Reading My Two Elaines is an enjoyable way to help you in coping and surviving as an Alzheimer’s caregiver. I listened to the audio book and felt as if I knew Marty before our interview. Marty is a warm and friendly person whose main goal in life is to support caregivers.

My Two Elaine's cover

My Two Elaines – Coping and Surviving as an Alzheimer’s caregiver.

More Information

Fading Memories is sponsored by I’m Up. I’m Up is an app that gives you independence, security and peace of mind. Fit it in your favorite app store. Use invite code 006 when you sign up.

Another Interview with Marty (Dementia Matters Podcast)

Caregiver Struggles

Why Senior Care Needs to be a Team Effort

#YouGiveACare? – Millennials Caregiving Community

Millennial caregiver

More than 10 million Millennials are also unpaid caregivers.

Millennials are often accused of being a selfish generation focused solely on getting their own needs met. However, this is not a complete picture. While trying to achieve their own goals, millennials play a much bigger role in caregiving for older adults than any other generation. Sadly, they don’t get credit for this.  One out of four family caregivers in the U.S. is a millennial. As Baby Boomers age and need more support, this young group is becoming an increasingly important part of the caregiving workforce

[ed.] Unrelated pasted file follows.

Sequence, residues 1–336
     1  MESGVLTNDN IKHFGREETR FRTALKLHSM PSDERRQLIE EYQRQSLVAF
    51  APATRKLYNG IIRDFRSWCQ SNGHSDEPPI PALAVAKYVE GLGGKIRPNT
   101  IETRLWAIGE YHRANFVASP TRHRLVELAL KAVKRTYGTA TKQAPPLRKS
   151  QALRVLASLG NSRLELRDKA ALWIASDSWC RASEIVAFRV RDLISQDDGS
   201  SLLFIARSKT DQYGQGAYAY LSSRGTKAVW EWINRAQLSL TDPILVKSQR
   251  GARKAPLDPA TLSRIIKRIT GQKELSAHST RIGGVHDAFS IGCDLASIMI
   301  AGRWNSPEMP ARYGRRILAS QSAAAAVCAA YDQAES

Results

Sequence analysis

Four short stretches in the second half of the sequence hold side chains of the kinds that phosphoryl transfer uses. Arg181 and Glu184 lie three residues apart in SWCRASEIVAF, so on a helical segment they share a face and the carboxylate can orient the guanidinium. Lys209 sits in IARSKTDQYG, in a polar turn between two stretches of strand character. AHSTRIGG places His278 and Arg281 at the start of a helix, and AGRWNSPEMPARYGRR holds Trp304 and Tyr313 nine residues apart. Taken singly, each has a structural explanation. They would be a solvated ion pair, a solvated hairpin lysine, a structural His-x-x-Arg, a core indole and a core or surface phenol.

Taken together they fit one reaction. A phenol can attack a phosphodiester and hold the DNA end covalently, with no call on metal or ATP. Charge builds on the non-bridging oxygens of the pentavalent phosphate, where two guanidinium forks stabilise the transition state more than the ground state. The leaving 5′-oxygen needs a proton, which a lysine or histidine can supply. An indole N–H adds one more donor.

One in three young people in America provide unpaid care to an adult friend or relative. They do this while pursuing educational goals, career advancement, relationships and social connections.  Another third of Millennials, ages 18-39 believe they will be providing this kind of support in the next five years. Nearly three quarters of millennial caregivers are employed and 53% work full time. Millennials also spend an average of 21 hours per week on caregiving. This is the equivalent of a part time job. More than one in four millennials spends over 20 hours each week providing care, and roughly one in five provides care for at least 40 hours each week.